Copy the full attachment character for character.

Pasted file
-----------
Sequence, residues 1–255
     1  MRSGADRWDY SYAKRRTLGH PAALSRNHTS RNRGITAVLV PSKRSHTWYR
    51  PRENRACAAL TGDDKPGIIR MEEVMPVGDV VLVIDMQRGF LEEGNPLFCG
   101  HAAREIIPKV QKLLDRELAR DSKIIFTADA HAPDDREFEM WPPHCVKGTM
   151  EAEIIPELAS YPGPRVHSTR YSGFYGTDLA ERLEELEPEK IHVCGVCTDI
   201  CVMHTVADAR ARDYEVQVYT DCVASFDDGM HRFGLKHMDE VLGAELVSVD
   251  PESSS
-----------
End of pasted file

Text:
Sequence, residues 1–255
     1  MRSGADRWDY SYAKRRTLGH PAALSRNHTS RNRGITAVLV PSKRSHTWYR
    51  PRENRACAAL TGDDKPGIIR MEEVMPVGDV VLVIDMQRGF LEEGNPLFCG
   101  HAAREIIPKV QKLLDRELAR DSKIIFTADA HAPDDREFEM WPPHCVKGTM
   151  EAEIIPELAS YPGPRVHSTR YSGFYGTDLA ERLEELEPEK IHVCGVCTDI
   201  CVMHTVADAR ARDYEVQVYT DCVASFDDGM HRFGLKHMDE VLGAELVSVD
   251  PESSS